Friday, December 23, 2005

Merry Christmas, Happy Holidays, Happy 2006!!

Seasons Greetings from this side of the alligator!!

I'd like to wish everyone a very happy holiday with their family and friends! May Santa be as good to you as he always has been to me!

I'll be flying to Canada this evening to enjoy a snow-filled Christmas Day! I'll probably be MIA until after the new year, so until then, here's to the very best for everyone in 2006! May we get at least one step closer to bridging the gap of the racial divide in the publishing industry, at long last.

I have a dream, that one day, white authors and black authors, young and old, will be treated as equals by their publishers!!

Morgan Freeman makes a lot of sense. I'll tell you why.

Actor Morgan Freeman (one of my absolute favorites) is a wise man.

His recent comments regarding Black History Month are on point. The purpose of BHM is no longer conducive to people of color and the fight for human equality in our society. It's just a month where black people get to shine a spotlight on themselves and say, "See? We can do it, too!"

The thing is......Of course we can do it too! It's an insult to say you need a month to blow your own horn when you're not handicapped. What? Are black people not expected to make worthy contributions to art, science, theatre, humanity, etc.? Are we not expected to foster the ability to make great accomplishments?

If the United States government hadn't made learning illegal for people of color, for hundreds of years, we would never have been made to feel like we had something to prove. Hence, Black History Month. Black Entertainment Television. Essence. Ebony. Yada, yada, yada. All the skin-color based organizations. Would they be able to run their businesses if you took color out of the equation? If they didn't have that crutch to stand on? Could BET survive as just ET? Entertainment Television? Unfortunately, they probably never want to find out....So, it behooves many to keep the racial distinction alive. Racial inequity lines the pockets of many and white.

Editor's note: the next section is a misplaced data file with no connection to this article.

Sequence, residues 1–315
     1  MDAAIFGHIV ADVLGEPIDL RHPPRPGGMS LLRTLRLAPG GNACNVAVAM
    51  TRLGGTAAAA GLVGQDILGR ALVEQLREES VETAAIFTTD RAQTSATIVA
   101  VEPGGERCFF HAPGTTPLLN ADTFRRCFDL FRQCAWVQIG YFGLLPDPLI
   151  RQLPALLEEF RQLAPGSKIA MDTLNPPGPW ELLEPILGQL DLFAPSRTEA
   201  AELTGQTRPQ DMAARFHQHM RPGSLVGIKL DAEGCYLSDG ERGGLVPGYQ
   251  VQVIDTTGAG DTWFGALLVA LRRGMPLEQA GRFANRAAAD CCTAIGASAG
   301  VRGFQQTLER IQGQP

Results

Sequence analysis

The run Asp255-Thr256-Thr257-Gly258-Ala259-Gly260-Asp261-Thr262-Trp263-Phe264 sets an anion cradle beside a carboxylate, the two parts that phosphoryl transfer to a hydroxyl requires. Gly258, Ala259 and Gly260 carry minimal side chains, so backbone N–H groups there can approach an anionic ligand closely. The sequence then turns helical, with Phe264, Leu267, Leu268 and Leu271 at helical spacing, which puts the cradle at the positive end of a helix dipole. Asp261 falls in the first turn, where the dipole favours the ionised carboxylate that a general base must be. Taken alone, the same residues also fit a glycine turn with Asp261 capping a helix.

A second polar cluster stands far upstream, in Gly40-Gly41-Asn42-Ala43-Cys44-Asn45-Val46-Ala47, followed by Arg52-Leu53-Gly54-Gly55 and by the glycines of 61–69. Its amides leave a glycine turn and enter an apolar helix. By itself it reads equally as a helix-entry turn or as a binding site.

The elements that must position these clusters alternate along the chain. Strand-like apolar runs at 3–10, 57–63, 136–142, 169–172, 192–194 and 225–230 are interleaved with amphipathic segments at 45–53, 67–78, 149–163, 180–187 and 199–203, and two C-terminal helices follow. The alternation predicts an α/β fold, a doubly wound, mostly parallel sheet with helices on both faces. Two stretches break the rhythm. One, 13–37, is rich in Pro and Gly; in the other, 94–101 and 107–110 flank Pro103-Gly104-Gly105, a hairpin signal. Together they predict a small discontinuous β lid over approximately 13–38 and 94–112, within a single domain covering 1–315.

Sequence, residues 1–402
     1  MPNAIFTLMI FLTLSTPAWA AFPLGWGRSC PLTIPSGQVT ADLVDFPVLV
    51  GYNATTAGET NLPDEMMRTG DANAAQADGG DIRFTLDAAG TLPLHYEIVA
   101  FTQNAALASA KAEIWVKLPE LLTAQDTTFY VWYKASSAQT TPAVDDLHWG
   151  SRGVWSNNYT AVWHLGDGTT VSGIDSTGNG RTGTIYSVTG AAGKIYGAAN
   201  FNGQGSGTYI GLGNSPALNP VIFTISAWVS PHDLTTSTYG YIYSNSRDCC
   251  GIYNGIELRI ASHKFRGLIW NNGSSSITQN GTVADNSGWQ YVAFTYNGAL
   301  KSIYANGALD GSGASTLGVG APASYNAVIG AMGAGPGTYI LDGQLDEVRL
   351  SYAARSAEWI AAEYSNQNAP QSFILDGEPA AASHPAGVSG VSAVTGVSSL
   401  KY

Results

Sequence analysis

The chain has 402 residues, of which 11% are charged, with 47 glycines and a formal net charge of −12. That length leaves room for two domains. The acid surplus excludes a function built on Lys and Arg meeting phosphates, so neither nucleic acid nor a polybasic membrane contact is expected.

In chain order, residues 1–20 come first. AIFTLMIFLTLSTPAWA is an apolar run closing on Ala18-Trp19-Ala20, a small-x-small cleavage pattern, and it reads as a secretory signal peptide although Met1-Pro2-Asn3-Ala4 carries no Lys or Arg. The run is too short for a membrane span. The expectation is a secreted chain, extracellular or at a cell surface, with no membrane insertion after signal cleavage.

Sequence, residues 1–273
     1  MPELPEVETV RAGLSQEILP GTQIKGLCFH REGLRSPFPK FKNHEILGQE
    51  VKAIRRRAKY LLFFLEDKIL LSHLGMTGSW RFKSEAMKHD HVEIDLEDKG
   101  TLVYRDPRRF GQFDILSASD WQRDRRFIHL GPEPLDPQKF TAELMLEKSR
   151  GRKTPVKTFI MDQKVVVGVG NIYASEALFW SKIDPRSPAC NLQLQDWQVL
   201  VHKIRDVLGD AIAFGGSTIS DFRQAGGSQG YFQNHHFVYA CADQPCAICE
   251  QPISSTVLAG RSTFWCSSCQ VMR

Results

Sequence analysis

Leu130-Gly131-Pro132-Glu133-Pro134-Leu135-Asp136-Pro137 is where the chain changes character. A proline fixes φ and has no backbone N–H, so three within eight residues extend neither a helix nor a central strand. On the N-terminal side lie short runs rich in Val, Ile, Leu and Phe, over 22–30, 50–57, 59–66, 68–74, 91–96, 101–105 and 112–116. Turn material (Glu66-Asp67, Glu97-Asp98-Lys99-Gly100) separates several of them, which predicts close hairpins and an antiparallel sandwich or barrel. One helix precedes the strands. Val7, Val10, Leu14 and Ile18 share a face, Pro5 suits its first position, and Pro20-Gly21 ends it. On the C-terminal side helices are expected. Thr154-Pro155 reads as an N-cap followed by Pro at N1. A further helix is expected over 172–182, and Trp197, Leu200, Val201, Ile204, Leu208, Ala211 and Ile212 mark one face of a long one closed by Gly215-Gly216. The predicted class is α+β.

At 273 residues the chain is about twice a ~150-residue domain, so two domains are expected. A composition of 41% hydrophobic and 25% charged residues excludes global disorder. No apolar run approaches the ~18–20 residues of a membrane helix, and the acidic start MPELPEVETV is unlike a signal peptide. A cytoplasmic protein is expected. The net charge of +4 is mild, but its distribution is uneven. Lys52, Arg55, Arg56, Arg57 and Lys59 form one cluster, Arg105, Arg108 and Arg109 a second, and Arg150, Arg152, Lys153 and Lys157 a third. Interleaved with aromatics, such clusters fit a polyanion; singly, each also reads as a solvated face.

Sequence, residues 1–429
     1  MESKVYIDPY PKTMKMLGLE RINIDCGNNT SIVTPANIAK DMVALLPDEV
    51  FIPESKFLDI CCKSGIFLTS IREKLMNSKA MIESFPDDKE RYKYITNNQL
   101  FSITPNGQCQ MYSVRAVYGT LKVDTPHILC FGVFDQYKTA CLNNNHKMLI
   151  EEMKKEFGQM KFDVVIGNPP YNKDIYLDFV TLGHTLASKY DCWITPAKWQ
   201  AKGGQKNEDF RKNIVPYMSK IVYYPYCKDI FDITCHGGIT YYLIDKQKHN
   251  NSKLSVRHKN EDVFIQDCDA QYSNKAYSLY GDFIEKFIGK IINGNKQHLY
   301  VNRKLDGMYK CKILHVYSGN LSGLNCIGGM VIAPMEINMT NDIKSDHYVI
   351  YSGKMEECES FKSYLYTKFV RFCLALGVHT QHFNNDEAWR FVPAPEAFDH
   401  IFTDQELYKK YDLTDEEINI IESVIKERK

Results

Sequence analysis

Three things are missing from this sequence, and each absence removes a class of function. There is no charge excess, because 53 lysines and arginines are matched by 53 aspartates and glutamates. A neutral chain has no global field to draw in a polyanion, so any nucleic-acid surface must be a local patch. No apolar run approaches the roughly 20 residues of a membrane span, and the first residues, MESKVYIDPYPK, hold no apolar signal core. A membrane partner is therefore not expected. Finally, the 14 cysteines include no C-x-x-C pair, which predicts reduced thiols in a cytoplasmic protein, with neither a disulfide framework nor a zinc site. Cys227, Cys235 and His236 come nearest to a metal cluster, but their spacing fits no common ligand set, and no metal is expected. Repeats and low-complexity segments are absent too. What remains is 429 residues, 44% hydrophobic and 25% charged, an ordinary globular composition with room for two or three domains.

Go Morgan Freeman. We need more wise men such as yourself to shine a light on the fact that most people of color are psychologically crippled. And when you try to take their color-crutches away....they lash out with anger and take great offense because they don't know what else to stand on.

Bottom line. Black History Month = See? We can do it, too!

It truly is ridiculous, Morgan. Thanks for saying it.

Morgan Freeman says in an interview with “60 Minutes” that there is no "white history month," and says the only way to get rid of racism is to "stop talking about it."

Sunday, December 18, 2005

Monica Jackson's Take

Boy, word spreads fast when it strikes a cord.

Over on Monica Jackson's blog, she weighs in and makes an excellent point. Tess Gerritsen isn't black. She's Asian. She has it a little better than we do, believe it or not. How many black authors are as successful as Tess Gerritsen? Did they give her grief about writing for a wider audience? For her main characters not being Asian? Did they tell her that only Asians would be interested in reading Harvest? Or all the romance novels she'd written prior to that? Probably not.

So, when does it end? When does the racist suppression end? Last time I checked, there were laws that made racial discrimination unconstitutional. Yet it continues in publishing......What, are they special in this industry? The laws of the land don't apply to them? They get to handle black authors one way (despite the content of their work) and whites another, affording them much greater potential?

One of these days, a publisher may end up getting sued. Maybe that's what it'll take to change things. Win or lose, at least it'd get their attention.

Tess on the Mess: Race in publishing

Interesting that Tess Gerritsen tackled this subject on Saturday, since I'd just made a previous reference to her book cover contest. It's great that a prestigious author such as Tess is willing to tackle such a subject. You certainly don't hear any other NYTBS'ing authors speaking out against it....Well, I don't count because I'm black and I've only hit it once. We have to bitch about it....often times in silence if we don't want the food taken from our mouths.